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“Paleo” Type Diet May be Linked to a Reduction in Teenage Acne

Researchers in Germany have recently published a paper exploring the link between a typical western diet and the prevalence of teenage acne in developed nations. 
In one recent study, researchers noted that acne is a disease most found in Western civilization with over 85% of adolescents exhibiting some form of acne. Previous studies have indicated that the western diet may be a fundamental nutritional factor promoting the acne epidemic.
The typical western diet, according to the authors of the study, is full of dairy products such as milk and cheese, and also consists of foods that have a high glycemic index. High glycemic foods include most grains (rice, bleached wheat flour, potatoes, corn, etc.), and specifically processed foods such as donuts, instant mashed potatoes, and breakfast cereals. Sugary drinks and sodas also have a high glycemic index.
Instead, researchers pointed to a Paleolithic-type (Paleo) type diet as a way to help manage acne. Paleo diets encourage consumption of low glycemic foods such as vegetables, fruits, lean animal protein (such as beef or fish), seeds and nuts, and eggs. Paleo diets stay away from dairy products, legumes (such as peanuts or lentils), potatoes, sugar, and processed cereals and foods. Researchers also pointed out that normalizing calorie intake may also benefit acne sufferers.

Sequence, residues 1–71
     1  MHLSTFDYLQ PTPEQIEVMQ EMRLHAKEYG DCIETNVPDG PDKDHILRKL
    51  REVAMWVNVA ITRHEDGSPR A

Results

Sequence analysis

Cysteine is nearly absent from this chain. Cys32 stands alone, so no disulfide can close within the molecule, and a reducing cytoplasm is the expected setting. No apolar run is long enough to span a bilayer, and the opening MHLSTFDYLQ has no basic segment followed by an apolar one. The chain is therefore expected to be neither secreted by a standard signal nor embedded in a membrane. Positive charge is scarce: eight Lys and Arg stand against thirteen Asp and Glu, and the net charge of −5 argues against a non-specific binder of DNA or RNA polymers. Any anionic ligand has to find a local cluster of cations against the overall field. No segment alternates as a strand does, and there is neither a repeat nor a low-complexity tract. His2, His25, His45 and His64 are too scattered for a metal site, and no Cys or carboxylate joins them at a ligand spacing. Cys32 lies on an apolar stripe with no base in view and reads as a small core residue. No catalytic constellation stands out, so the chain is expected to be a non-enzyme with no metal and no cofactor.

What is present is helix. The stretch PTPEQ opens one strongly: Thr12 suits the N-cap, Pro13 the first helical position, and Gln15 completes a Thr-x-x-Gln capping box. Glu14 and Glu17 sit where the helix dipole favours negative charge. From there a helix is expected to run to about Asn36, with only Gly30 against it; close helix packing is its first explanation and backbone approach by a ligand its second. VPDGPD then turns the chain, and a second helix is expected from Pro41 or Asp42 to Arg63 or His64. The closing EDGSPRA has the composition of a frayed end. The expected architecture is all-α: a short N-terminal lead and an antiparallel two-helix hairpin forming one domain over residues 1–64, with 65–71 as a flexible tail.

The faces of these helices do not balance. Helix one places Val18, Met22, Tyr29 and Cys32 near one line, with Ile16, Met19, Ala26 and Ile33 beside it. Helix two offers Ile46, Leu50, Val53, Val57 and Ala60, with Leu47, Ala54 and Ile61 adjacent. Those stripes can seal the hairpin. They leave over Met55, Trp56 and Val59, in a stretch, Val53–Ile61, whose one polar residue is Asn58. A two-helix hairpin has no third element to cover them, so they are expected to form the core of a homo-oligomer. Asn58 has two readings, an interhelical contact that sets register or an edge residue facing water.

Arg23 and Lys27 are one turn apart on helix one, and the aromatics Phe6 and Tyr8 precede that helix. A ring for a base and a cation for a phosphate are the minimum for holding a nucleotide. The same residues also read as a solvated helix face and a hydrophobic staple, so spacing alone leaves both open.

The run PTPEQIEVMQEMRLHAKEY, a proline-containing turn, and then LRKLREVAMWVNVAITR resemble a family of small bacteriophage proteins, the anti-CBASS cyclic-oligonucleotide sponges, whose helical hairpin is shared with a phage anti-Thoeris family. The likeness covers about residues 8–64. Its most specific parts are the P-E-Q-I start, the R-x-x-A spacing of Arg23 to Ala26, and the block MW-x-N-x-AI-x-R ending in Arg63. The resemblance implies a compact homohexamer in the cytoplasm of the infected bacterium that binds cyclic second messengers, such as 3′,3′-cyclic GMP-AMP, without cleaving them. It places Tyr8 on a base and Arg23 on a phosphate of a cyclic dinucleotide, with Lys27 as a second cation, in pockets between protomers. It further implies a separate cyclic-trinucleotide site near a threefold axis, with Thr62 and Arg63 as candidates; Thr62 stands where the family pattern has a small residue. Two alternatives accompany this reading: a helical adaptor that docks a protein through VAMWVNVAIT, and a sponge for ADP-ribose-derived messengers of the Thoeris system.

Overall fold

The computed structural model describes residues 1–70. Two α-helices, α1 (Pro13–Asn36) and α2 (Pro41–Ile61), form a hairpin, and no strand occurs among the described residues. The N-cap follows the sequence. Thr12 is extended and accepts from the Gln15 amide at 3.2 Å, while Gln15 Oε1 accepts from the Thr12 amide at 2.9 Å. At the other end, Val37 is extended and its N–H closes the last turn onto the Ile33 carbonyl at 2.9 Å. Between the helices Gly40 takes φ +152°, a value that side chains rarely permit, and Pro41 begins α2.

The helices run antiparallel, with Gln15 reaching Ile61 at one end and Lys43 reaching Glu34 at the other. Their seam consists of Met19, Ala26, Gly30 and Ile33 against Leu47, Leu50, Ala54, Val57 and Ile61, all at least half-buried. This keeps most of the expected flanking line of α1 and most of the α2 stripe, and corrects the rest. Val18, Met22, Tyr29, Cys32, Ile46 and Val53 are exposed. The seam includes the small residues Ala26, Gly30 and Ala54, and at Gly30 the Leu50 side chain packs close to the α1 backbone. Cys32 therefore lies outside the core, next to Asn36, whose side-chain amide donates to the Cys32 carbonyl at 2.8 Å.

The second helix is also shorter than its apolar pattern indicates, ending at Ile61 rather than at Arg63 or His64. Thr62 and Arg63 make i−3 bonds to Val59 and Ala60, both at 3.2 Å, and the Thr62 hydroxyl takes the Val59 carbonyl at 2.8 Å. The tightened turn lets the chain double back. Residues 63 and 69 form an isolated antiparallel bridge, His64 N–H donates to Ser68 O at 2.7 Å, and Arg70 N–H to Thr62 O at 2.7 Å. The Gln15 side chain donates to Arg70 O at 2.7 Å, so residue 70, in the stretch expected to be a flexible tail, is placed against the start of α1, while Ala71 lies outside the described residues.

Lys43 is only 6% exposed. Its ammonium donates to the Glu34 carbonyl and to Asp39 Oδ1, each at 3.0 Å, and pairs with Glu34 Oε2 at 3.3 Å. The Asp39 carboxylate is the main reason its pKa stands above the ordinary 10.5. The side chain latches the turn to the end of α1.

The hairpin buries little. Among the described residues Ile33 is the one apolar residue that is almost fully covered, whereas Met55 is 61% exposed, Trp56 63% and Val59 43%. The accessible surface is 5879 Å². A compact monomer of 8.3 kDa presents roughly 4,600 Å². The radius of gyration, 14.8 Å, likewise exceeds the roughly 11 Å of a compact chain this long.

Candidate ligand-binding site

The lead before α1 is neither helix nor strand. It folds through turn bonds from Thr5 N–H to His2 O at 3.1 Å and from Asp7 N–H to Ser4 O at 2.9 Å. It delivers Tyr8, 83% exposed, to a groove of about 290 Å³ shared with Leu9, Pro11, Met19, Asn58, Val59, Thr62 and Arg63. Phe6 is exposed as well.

The paper examined the molecular pathology of nutrient signaling of a western diet in the pathogenesis of acne. Placebo-controlled studies and epidemiological evidence have previously demonstrated that diets high in dairy consumption and abundant high glycemic foods can aggravate acne. High glycemic foods are known to raise insulin levels in the body and increase serum levels of free insulin growth factors. 
Researchers concluded that dermatologists who counsel acne patients, especially preteens and young adults, should not only focus on the treatment of existing acne, but should also strive to educate their patients on other aggravating factors of acne, including a diet high in sugary and starchy foods and dairy products.  
Source: Volume 22, Issue 5, pages 311–315, May 2013 
[image by Ginny]

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